O's shuffle 6, recall Freire, pitchers DuBose, Rakers

ORIOLES NOTEBOOK

Ponson, Surhoff go on DL

Ray optioned to Bowie

coach Cash finally arrives

August 10, 2005|By Kevin Van Valkenburg | Kevin Van Valkenburg,SUN STAFF

The Orioles may have only been on the road for a week, but by the time they returned home yesterday, they looked, in some corners of the clubhouse, like a completely different team.

Not only did the club have a new manager and a new first base coach, it also put pitcher Sidney Ponson (strained right calf) and outfielder B.J. Surhoff (strained left groin) on the disabled list and optioned reliever Chris Ray to the minors.

To take their place, the Orioles called up pitcher Eric DuBose from Double-A Bowie, as well two players from Triple-A Ottawa: first baseman Alejandro Freire and pitcher Aaron Rakers. And there may be at least one more move on the horizon. Jim Beattie, the team's executive vice president, said the organization cut short John Maine's latest minor league start in case the Orioles decide to call him up to start Saturday's game.

Both Ponson and Surhoff are expected to be back in two weeks, but for now Beattie said the team will go with an eight-man bullpen. The Orioles don't have to make a move on their 40-man roster until at least tomorrow, when Rafael Palmeiro is expected back from his 10-day suspension for violating Major League Baseball's steroid policy.

The demotion of Ray, who will report to Bowie, was the only real surprise, considering he has been, at times, one of the team's most effective relievers. In 24 1/3 innings, Ray gave up 21 hits and eight earned runs for a club-leading 2.96 ERA. But he allowed earned runs in each of his past four appearances.

According to manager Sam Perlozzo, the move should be temporary.

"Chris, lately, has not been himself." Perlozzo said. "He's a late-inning guy. He was a closer and he's been struggling a little bit lately. Trying to use him in the fifth and sixth inning and trying to get him out there two innings is not really Chris Ray. He needs to get his confidence back. My goodness, I hope he goes down there and just dazzles them and gets his butt back up here. His arm is outstanding and he's going to have a lot of good years in the big leagues."

For DuBose, who will likely pitch in long relief, the move represents a second chance of sorts. The 29-year-old Florida native started 14 games in 2004 for the Orioles, but didn't exactly endear himself to management when he was arrested during spring training in Florida and charged with driving under the influence. In 22 minor league starts this year, he's gone 8-10 with a 3.25 ERA.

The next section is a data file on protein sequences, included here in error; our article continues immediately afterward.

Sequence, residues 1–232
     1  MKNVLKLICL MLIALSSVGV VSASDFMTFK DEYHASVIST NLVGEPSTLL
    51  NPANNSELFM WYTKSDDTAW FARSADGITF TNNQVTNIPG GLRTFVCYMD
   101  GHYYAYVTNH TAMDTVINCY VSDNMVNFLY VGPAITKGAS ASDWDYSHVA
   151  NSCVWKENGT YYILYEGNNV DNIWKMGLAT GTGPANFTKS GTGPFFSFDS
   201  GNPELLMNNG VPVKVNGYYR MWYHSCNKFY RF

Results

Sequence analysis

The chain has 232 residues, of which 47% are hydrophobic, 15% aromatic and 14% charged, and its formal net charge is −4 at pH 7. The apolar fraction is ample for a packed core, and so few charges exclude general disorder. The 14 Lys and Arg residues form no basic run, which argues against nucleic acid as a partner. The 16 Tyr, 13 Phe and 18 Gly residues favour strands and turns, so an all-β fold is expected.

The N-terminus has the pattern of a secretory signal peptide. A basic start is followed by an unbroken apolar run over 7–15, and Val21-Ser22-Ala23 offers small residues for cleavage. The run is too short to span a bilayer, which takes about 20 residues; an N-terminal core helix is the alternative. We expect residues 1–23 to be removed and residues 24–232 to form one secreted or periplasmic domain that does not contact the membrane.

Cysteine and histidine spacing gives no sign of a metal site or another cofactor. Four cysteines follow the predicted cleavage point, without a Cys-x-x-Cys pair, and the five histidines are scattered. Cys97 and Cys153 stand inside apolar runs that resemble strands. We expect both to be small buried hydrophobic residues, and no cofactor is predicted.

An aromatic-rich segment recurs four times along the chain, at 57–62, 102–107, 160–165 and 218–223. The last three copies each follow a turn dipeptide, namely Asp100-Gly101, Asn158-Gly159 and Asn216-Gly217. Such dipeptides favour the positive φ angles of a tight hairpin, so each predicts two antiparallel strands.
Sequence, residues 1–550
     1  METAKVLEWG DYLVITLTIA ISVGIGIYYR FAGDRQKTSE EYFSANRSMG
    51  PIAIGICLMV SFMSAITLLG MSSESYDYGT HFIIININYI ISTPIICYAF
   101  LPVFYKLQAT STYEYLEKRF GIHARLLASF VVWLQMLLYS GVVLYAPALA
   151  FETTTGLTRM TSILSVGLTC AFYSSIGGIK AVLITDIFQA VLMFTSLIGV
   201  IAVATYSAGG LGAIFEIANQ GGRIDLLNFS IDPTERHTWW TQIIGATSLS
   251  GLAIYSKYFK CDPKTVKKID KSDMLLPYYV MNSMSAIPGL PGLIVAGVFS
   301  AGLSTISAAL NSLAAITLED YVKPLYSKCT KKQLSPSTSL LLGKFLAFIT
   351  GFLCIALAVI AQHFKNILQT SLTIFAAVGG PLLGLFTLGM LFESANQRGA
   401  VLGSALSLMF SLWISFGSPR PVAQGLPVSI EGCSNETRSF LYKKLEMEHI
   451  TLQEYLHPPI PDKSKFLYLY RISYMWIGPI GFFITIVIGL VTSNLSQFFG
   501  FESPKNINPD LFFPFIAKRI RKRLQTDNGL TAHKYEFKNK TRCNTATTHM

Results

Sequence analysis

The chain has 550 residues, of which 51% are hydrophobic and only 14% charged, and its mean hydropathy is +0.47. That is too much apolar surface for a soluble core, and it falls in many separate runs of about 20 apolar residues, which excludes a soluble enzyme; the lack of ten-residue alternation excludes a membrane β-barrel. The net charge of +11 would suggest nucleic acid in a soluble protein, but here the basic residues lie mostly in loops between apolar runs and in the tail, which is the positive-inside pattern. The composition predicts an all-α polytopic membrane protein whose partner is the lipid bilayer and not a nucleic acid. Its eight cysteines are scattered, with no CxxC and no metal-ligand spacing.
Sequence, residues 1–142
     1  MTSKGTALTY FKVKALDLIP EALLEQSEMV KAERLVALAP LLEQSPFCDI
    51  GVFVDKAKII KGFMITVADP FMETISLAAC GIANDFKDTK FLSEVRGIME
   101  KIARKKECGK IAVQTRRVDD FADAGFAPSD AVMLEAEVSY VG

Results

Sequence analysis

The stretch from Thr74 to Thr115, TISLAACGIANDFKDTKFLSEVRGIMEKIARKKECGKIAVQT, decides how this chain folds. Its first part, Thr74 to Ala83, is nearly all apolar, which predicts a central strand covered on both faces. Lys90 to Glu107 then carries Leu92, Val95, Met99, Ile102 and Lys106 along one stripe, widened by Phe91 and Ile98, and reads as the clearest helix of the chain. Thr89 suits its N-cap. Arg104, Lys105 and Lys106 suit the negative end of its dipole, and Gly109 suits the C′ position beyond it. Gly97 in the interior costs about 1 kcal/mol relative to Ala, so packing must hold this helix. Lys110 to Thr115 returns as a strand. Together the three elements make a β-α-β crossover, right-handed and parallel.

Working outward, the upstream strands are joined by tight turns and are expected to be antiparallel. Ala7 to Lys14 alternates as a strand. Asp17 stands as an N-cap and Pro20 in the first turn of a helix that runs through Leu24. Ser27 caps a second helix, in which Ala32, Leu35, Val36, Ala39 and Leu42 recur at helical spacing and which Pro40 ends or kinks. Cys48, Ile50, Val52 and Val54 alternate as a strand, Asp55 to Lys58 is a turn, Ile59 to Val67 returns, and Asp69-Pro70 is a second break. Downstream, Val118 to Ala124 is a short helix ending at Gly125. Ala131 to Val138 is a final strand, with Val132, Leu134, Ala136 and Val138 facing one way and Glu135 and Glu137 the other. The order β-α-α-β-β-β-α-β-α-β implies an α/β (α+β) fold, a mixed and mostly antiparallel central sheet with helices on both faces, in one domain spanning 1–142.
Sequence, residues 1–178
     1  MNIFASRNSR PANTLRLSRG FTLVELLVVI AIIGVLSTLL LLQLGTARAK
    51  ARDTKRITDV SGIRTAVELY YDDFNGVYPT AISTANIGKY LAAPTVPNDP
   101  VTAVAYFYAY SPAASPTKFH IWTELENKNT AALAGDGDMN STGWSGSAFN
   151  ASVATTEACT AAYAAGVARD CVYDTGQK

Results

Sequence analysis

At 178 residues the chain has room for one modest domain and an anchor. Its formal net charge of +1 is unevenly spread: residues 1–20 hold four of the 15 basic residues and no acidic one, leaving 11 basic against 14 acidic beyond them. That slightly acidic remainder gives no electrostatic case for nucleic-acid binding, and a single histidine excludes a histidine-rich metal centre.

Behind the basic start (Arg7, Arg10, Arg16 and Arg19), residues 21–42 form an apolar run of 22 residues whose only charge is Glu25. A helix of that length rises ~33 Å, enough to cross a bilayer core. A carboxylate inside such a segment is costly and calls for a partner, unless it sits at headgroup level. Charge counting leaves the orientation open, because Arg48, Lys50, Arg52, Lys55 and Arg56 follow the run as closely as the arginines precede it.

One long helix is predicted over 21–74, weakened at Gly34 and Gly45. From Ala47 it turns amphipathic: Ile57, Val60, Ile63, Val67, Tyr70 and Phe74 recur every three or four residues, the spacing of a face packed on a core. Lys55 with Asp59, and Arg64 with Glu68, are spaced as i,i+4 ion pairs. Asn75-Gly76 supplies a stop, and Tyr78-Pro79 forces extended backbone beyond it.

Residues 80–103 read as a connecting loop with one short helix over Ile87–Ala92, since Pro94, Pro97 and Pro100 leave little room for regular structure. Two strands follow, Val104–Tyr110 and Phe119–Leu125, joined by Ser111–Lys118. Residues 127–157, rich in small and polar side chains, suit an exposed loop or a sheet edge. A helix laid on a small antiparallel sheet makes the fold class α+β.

"I think I've worked on some things down there, and I think I've gotten better." DuBose said. "I'm not sure what my role is going to be, but whatever they ask me to do, I'll be ready to go. The [DUI] is something in the past, and I don't think that had anything to do with [the extended time in the minors]."

Both Rakers and Freire were thrilled to be up with the big league club, but Freire, who made his major league debut last night at age 31 after stints with the Houston, Detroit and San Francisco organizations, seemed especially pleased. After batting .299 with 19 home runs and 69 RBIs this season for Ottawa, Freire started last night at designated hitter, and nearly hit a home run on the very first pitch he saw, driving a Scott Kazmir fastball to the warning track in right-center for a long out.

"You never expect that you are going to be in the big leagues." Freire said. "It was my first time and I was surprised. I think all my work all those years paid off. I am pretty happy to be here. If they give me a chance, I am going to take advantage of it."

Long trip for Cash

After coaching for 18 years in the minors, the Orioles' new first base coach, Dave Cash, couldn't wait to get to Baltimore when he got the call to join the big league club, but it wasn't easy.

Cash, a coach for Triple-A Ottawa, packed up some things, closed out his bank account, and made a beeline for the U.S.-Canadian border. But when he finally got there, there was a line of cars, he estimated, more than two miles long.

"It was a long, long wait there before my turn finally came." Cash said.

Cash could have just as easily been talking about his coaching career. He spent the last nine years as a coach in the Orioles' farm system and the last three in Ottawa. He first started coaching in 1988, and spent one season as the Philadelphia Phillies' first base coach in 1996.

Orioles tonight

Opponent: Tampa Bay Devil Rays

Site, time: Camden Yards, 7:05

TV/Radio: Comcast SportsNet/WBAL (1090 AM)

Starters: Devil Rays' Casey Fossum (6-8, 3.89) vs. Orioles' Rodrigo Lopez (10-6, 4.74)

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